One more week along this path and the change is complete, the colors at their most vibrant, the mind unable to categorize it all, pumpkin orange, sunset red, electric yellow, like giant beach balls attached to trunks, and the evergreens providing a backdrop of contrast, making the colors seems more vivid, more vibrant, more alive, and that’s a strange thought, the colors appearing to be more alive when, in fact, they signal the hibernation of a winter fast approaching.
Maggie and Toby, they love this weather, the crispness of it all. There is spring in their step, a play on words if I ever heard one, the sluggishness of the dog days gone now, replaced by childish behavior, tails erect, their coats shining brightly, their eyes filled with expectations, and I find myself envious of their youth, envious of their unbridled joy, envious of their explorations and their lack of preconceived notions and opinions, unencumbered by schedules and responsibilities . . . and I sigh!
Times like these, on walks like these, I can forget the COVID, forget the political madness, and forget the hardships so many endure, and simply be with my dogs. They are good company, my dogs, and they combine with pleasant, loving memories of times gone by, memories I cherish, memories which warm me on cool afternoons, and warm me even more as the winter winds approach, uninvited. Soon the leaves will all fall, will be raked up, hauled away, blown away, dissolving into the soil, replenishing it, giving it sustenance, preparing it for a new spring, new growth, and the cycle continues, as it always has, and that thought provides comfort to me.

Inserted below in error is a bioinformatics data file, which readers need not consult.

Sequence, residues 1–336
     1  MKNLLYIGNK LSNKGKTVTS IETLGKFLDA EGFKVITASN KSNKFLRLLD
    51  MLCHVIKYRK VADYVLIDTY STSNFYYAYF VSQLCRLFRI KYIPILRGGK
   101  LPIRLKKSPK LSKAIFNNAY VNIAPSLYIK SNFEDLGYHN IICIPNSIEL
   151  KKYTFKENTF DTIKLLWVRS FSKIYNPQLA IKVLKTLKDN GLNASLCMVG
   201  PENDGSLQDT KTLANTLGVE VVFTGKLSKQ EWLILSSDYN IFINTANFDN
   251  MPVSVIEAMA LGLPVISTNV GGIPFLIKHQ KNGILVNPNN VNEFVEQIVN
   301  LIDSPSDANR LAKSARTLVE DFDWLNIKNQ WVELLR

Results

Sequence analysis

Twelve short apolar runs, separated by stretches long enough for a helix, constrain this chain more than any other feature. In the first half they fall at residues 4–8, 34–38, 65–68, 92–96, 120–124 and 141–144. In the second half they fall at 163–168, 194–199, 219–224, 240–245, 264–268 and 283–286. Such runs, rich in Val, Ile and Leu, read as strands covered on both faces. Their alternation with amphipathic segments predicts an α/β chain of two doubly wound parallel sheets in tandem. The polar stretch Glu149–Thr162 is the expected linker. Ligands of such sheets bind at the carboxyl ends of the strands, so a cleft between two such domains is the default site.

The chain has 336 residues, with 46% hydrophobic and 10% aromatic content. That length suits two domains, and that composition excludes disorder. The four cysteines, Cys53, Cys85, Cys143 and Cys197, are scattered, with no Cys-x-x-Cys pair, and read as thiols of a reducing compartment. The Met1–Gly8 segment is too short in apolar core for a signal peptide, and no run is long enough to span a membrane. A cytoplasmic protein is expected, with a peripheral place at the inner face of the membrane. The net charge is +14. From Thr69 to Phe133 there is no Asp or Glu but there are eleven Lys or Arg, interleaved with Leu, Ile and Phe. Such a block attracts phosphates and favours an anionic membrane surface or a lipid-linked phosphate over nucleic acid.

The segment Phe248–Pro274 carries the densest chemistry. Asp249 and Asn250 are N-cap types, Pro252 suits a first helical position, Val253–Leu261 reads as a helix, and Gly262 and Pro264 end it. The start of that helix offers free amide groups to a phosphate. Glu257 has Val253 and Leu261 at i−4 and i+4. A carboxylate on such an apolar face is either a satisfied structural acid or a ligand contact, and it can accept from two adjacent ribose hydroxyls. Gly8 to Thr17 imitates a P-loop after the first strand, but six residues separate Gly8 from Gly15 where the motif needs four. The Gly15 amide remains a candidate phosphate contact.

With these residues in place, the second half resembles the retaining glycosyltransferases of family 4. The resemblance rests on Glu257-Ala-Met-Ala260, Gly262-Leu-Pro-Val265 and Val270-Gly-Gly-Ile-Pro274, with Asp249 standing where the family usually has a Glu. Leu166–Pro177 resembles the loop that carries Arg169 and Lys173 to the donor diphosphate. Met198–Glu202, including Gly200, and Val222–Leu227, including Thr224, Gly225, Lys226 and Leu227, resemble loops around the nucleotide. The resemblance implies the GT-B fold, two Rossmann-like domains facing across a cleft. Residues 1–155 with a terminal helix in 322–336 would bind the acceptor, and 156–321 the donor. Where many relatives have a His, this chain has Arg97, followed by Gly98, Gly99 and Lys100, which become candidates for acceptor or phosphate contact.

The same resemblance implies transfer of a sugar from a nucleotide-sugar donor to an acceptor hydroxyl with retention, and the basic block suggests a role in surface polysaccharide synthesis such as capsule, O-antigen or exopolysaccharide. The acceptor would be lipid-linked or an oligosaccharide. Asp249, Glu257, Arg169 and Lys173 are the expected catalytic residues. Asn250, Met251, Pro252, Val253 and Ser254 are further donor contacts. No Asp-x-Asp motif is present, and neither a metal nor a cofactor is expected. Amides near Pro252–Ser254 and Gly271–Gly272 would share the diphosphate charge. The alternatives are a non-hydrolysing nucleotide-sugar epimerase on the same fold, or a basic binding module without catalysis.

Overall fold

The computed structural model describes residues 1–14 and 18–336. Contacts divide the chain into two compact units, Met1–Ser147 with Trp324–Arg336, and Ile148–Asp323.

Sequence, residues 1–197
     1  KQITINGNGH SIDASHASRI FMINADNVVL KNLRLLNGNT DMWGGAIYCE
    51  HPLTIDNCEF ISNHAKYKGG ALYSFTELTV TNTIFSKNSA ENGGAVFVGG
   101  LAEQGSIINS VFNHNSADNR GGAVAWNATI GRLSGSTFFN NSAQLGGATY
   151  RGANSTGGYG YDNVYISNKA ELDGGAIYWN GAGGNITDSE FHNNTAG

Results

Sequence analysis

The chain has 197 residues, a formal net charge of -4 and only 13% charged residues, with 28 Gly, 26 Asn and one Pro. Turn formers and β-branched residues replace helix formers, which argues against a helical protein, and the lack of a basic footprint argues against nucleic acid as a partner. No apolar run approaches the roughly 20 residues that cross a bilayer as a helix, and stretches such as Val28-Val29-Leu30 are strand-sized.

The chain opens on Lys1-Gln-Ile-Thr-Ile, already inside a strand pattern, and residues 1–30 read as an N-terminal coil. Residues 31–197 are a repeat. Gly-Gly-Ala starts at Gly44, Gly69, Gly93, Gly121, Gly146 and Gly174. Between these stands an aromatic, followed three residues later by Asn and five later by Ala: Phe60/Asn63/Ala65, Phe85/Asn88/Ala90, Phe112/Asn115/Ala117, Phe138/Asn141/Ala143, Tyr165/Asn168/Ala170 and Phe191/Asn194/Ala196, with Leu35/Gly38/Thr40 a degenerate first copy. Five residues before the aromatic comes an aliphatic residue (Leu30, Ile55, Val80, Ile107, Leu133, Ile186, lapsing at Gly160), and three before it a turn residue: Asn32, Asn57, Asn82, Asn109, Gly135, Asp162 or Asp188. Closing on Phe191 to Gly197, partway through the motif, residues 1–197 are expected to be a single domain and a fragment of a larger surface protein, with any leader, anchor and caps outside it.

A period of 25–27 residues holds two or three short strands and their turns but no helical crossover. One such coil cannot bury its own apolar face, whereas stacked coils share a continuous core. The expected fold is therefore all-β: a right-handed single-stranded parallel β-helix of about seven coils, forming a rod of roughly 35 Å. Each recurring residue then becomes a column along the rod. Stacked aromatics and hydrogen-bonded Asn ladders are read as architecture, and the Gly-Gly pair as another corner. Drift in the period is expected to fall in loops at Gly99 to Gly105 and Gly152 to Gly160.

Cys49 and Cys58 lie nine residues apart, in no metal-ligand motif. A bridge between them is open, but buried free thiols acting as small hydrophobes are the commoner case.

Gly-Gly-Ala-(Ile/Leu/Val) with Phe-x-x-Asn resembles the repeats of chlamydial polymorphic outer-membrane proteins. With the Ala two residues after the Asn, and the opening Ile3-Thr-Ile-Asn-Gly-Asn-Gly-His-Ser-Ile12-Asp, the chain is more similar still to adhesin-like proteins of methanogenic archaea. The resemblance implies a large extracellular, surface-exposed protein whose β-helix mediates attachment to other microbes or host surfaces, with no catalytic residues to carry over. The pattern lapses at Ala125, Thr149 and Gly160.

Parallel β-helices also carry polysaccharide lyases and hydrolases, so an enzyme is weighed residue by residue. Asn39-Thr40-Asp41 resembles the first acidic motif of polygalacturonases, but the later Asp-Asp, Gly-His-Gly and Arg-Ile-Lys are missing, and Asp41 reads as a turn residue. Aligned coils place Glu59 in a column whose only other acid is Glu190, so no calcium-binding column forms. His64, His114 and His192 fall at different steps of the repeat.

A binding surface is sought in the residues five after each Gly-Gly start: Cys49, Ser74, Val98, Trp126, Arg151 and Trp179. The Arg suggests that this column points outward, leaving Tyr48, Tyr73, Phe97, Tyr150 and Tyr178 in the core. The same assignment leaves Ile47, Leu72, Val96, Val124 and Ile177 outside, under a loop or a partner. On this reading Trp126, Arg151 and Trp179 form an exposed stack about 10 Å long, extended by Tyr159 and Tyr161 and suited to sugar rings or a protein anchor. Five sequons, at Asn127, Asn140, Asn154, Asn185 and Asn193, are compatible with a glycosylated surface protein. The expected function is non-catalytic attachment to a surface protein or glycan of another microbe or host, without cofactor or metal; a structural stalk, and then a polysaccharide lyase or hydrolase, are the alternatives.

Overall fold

There will be new buds on those limbs, after the winter snows melt, and those buds will grow and flourish and cloak us in a comforter of green, birth follows death as surely as the sun follows the night, a truth known thousands of years in the past, known now, and to be known in the future, known by my parents, known by me, known by my son, and so it goes.
Just an old man walking with his two dogs on a late-September afternoon.
All Good Things Must Come to an End
And so it is with these walks! Maggie, these walks tire her out more than her brother, for Toby is still child enough to be endless in his pursuit of fun, but as soon as we get home they both lay down, close their eyes, and sleep. Me, I have emails to answer, articles to write, chores to do, and errands to run, but for one hour, each day, I am able to turn back the calendar, suspend reality, and take a magic carpet ride back in time, to simpler times, to times I hold dear, close to my heart, where the valuables are always safe from thieves.
I’m so happy you were able to join us today. You are welcome any old time you can find the time, silly notion, that, finding time, as if it were hidden from view, but the offer still stands, and you know where you can find us, where the pavement ends and the wonders begin, just an old man and his dogs, ready for adventure, walking through the landscape of life.
Happy Traveling to you all!
2020 William D. Holland (aka billybuc)